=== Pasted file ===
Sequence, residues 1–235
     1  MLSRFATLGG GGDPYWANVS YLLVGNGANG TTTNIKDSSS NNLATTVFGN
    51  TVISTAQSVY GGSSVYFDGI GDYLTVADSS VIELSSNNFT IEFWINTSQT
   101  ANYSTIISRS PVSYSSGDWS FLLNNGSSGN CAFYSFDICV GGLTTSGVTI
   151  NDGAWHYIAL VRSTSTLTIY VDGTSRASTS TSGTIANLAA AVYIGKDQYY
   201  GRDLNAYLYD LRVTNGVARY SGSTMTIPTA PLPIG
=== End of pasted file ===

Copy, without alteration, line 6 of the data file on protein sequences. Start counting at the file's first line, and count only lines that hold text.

   201  GRDLNAYLYD LRVTNGVARY SGSTMTIPTA PLPIG